“Interea verò Comes Hieronymus, Virginius Ursinus et reliqui Domini, Ecclesiam Lateranensem incolentes, non cessabant quotidie ludere ad triumphos, ad cartas, & ad aleas, et hoc quidem in Sacrestia dictae venerabilis Ecclesiae, etiam super capsa plena Reliquiis, & rebus aptis ad divinum cultum ibi existentibus; adeo quod dicto tempore à nemine vel paucissimis dicta Ecclesia extitit visitata” (9). (Meanwhile, indeed, Count Girolamo [Riario], Virginio Orsini and others of his men, dwelling in the Church of San Giovanni in Laterano, did not stop playing at triumphs, cards and dice every day, and this precisely in the sacristy of said venerable Church, even on a box full of relics and things there found to be for the divine worship, to the point that in this aformentioned time, the above church was visited by no one or very few).
1 - Bologna, 1550.
2 - The first edition was printed in Brescia in November 1497 and January 1498.The set of sermons consisted of “52 Sermones domenicales, 28 De sanctis, 3 Extravagantes, 4 De adventu”.
3 - The editions of his sermons appeared with different titles: F. Gabrielis Bareletae, Sermones de tempore Adventus, Quadragesimae, Paschae, Ascensionis & Pentecostes, Hagenau, 1514; Sermonis fratris Gabrielis Barelete sacrae paginae professoris divi ordinis fratrum Praedicatorum, Argentinae, 1515; Gabrielis Barelete, Sermones tam Quadragesimales quam de sanctis, Paris, 1527; Gabriel Barlette, Sermones, Venice, 1577; etc.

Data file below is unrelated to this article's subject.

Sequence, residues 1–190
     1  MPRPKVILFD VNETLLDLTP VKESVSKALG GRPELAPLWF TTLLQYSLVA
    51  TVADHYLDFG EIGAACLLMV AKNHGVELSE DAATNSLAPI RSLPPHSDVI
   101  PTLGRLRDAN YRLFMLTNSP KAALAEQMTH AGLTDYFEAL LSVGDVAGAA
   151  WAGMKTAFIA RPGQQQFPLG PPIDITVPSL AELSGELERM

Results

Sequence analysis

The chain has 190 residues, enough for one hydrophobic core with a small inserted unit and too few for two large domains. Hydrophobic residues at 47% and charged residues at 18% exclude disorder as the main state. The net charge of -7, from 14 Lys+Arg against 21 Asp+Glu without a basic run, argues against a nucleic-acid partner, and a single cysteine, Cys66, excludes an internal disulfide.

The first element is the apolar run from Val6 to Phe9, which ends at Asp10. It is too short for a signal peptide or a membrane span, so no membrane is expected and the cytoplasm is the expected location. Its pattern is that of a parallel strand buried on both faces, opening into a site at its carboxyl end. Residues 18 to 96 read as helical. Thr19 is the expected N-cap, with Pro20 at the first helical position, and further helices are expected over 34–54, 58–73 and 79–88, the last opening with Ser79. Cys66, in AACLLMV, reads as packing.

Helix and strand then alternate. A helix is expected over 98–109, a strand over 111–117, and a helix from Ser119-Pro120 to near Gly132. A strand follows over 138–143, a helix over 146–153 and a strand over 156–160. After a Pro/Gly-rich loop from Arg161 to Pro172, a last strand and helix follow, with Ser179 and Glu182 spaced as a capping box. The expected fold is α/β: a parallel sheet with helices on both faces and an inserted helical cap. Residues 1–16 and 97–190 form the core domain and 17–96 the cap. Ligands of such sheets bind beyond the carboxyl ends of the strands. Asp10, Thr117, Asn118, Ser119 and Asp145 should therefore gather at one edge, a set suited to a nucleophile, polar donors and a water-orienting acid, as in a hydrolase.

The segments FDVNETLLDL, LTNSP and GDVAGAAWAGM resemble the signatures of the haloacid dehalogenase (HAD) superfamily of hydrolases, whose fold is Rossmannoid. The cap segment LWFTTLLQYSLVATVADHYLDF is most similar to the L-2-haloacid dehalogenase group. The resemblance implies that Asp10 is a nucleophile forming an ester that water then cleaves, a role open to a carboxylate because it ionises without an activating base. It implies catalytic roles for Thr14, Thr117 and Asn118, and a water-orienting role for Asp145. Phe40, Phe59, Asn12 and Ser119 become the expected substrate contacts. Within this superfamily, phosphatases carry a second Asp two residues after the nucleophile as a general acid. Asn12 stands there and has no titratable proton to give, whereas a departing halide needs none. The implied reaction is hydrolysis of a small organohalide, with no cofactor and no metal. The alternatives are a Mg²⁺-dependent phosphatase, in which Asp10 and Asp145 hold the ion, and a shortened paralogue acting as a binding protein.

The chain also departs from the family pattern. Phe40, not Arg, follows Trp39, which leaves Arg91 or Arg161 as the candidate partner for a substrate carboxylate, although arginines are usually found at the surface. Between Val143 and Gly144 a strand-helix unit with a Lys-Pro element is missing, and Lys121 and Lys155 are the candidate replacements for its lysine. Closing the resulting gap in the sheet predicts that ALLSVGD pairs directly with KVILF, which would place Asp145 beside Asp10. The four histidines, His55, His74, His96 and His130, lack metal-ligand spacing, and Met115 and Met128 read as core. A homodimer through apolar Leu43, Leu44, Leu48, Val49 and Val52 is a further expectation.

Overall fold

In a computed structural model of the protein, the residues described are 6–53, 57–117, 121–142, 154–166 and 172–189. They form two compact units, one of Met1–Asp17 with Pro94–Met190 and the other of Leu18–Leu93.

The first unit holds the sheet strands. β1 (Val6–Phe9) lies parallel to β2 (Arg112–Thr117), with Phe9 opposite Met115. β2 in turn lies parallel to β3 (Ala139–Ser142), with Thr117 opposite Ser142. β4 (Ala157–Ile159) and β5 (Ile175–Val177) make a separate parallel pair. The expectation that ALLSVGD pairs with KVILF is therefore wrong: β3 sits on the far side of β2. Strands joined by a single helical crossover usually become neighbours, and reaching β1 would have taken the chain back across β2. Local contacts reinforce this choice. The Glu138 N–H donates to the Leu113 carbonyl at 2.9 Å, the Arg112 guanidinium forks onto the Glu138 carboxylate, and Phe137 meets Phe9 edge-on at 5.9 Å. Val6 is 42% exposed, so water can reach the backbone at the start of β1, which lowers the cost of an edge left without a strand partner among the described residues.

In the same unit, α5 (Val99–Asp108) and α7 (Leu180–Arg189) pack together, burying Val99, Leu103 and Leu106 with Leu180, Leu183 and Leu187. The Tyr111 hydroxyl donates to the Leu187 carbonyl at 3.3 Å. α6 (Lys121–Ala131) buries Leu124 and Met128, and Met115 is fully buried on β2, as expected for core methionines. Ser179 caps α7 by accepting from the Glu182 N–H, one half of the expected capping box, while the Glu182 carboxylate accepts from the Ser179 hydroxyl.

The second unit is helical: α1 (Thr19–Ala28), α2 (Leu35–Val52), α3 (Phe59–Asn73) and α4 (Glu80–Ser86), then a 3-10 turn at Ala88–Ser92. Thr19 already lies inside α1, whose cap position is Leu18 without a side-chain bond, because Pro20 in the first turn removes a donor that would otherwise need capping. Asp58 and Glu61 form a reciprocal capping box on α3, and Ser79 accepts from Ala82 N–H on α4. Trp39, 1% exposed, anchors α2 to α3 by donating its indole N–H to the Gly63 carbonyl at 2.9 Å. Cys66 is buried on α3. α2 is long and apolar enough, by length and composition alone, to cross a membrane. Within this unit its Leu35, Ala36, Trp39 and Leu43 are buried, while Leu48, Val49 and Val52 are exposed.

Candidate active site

4 - P. 203.
5 - Lothar Teikemeier informs us that Claude Gaignebet of the University of Nice in 2006 reported, in a symposium on Gambling and Providence, the text presumed to be the original, containing some variations in comparison to that reported in the Paris document : "Sed dicunt quidam. Si vult venire in domum meam in istis festis, paravi plura. Si voluerit ludere at triomphos sunt in domo, ad thesseras habeo plura tabulatia, ad aucam habeo taxillos grossos et minutos. Grossos ut si forte male videret, qui a deus senuit". Assuming the originality of this text (Brescia, 1497), the term “Occam” should be replaced with “aucam,” which Gaignebet reports to be a game of goose, and the final sentence should be replaced with "For the game of goose I have large and small dice. Large if he sees very poorly, given the senescence of God”. This obviously does not affect the information on the game of Triumphs, which in the original is probably called "Triomphos" and in the French edition "Triumphos".
6 - Sermones Reveren. Patris ac Divini Verbi, Fratris Gabrielis Barletae, Tomus Secundus, Venetiis, Ex Officina Joan Bapt. Somalchi, 1571, p. 136.
7 - Our edition of reference: Milan, 1734. Tomi Tertii, Pars Altera.
8 - Infessura definitely belonged to the antipapal faction. That position would have come from the restrictive measures taken by Sixtus IV with respect to the salaries of professors at the Università Romana, where he taught law. To this day, the Catholic Encyclopaedia considers that this was one of the reasons that led him to distort various passages in his chronicle in an antipapal direction.
9 - P. 1151